Composer Austin Wintory began his music journey early and has no plans of slowing down anytime soon.
Wintory began composing when he was 10. Since then, he’s provided scores for a variety of projects from films to video games.
“Music can communicate something that all the other ingredients are avoiding,” Wintory said. “It fills in the edges and cracks and subtext of a narrative in ways that music is uniquely empowered to do. Music has a special sort of superpower.”
Wintory has brought that superpower to the gaming industry.
“My excitement in games are the ones that don’t feel like a film where I’m creating a toolkit to allow the player to be a co-author of the music for their experience,” Wintory said.
Wintory’s scores have accompanied games like “Journey,” “Assassins Creed Syndicate,” “John Wick Hex,” and the recently released “The Pathless.”
“The Pathless” presented some unique challenges for Wintory. The game is an open-world adventure set in a vast forest. The game features multiple plateaus with each plateau featuring multiple bosses.
As players work to unravel the mystery of the world they are dropped into, the music mirrors a player’s journey within the game.
“The big picture is defeating each one of these bosses constitutes a trial for this character,” Wintory said. “I wanted to feel like having done it once was a big milestone for her in her hero’s journey. Doing it again is yet another milestone and a third time, now she’s accomplished something. Every time you beat one of these bosses, the music should gain this sense of heroism and confidence.”
But what made the game a challenge for Wintory was its open world nature. Players are able to tackle the bosses in any order they wish and travel to different parts of the island whenever they want. Keeping track of story progress, location and more led to a score that reflects a player’s unique journey compared to others.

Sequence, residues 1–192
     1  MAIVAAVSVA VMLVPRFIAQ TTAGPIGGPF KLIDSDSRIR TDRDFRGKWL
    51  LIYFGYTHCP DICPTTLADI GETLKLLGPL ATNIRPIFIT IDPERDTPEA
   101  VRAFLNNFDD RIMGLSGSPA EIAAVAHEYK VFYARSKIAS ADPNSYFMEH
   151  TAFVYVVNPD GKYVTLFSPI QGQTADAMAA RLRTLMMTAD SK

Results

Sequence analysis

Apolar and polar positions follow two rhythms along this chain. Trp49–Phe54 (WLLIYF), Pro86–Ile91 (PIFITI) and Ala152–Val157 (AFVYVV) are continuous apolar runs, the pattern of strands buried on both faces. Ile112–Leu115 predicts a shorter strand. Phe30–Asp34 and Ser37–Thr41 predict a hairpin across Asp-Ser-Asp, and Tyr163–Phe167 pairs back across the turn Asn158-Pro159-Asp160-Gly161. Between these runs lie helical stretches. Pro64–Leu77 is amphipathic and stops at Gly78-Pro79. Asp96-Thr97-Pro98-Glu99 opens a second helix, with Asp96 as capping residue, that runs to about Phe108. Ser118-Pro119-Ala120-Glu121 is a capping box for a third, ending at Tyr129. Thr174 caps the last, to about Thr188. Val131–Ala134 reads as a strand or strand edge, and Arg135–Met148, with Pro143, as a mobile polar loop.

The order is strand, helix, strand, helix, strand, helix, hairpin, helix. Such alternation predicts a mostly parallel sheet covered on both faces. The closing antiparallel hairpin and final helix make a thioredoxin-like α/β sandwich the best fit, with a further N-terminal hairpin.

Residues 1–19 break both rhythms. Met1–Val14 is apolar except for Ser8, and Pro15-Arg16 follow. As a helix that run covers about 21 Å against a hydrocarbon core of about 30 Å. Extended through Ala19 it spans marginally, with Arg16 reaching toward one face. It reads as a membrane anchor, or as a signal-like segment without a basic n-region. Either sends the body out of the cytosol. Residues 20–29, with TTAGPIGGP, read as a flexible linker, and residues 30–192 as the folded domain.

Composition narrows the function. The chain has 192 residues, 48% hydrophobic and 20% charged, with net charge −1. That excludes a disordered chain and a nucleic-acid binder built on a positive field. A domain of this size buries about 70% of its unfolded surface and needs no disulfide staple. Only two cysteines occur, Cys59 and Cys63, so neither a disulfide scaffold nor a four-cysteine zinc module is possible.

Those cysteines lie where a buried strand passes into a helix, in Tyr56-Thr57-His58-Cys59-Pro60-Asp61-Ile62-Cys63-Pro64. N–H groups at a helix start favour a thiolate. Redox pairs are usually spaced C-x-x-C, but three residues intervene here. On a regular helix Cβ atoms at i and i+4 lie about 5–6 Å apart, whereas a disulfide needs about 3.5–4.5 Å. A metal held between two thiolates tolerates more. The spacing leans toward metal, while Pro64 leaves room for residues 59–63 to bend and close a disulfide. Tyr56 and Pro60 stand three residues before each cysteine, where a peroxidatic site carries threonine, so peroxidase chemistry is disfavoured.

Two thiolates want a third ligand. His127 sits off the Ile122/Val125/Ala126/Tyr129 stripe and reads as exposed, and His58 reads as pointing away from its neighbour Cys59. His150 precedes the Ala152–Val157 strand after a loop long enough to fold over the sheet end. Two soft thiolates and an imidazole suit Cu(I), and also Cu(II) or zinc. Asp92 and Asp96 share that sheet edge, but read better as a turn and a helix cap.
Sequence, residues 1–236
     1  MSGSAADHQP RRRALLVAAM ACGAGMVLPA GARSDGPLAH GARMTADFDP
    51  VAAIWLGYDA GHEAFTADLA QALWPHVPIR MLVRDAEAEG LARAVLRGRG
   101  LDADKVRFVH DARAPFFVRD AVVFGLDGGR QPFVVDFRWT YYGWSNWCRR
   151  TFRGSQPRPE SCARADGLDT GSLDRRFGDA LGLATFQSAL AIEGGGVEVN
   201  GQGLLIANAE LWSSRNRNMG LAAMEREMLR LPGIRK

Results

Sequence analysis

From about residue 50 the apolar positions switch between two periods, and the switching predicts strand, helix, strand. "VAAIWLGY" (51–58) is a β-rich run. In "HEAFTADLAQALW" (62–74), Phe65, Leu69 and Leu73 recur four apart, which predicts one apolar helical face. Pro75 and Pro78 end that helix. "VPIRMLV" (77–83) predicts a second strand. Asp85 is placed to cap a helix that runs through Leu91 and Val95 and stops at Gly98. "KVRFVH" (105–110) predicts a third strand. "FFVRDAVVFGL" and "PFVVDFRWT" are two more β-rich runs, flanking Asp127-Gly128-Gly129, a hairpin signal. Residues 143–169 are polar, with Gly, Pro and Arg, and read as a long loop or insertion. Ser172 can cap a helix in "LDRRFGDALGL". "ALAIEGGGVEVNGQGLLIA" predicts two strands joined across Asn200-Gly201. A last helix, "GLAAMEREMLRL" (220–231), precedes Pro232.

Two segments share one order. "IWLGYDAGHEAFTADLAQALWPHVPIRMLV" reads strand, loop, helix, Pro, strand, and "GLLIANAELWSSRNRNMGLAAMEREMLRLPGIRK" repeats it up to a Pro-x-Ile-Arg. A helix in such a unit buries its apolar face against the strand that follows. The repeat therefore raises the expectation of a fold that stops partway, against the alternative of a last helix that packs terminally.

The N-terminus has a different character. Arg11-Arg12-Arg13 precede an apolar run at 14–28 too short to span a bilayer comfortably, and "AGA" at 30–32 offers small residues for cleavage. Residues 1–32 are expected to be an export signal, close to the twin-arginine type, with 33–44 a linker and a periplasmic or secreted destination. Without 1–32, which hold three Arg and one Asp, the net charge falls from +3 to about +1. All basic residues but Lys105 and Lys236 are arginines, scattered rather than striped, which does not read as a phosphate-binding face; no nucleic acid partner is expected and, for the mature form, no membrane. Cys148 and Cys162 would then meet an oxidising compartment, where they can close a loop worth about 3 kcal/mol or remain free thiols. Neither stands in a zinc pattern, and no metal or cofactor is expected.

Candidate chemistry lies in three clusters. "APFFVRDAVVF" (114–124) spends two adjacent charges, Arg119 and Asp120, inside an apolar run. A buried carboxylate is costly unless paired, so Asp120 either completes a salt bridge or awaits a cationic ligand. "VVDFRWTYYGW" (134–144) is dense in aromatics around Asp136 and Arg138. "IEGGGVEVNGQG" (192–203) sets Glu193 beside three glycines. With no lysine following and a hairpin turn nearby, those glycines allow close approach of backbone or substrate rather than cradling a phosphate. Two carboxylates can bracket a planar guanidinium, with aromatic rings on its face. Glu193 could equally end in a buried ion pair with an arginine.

“The location is one variable,” Wintory said. “Where I am in the story is another variable and localized systems are yet another variable and all of that adds up to hopefully feels like whatever you did, the music told your story.”
Wintory’s work on “The Pathless” has earned him recognition, including nominations for multiple awards at the Game Audio Network Guild Awards and wins for Score of the Year: traditional/acoustic and Audio of the Year: in-game music at the Annual Game Music Awards. But don’t expect to hear the same score twice on different games. Wintory is always ready for a new challenge.
“I’m always trying to write something that I haven’t really written before,” Wintory said. “Sitting down and just writing music randomly is not hard. I just won’t like it. It will feel like fundamentally I’ve done this before or, worse yet, someone else has already done this and I’m just kind of emulating or shamelessly knocking off someone else’s work and I don’t want to do that. But I don’t even want to be knocking off my own work. My goal is to always push myself somewhere new.”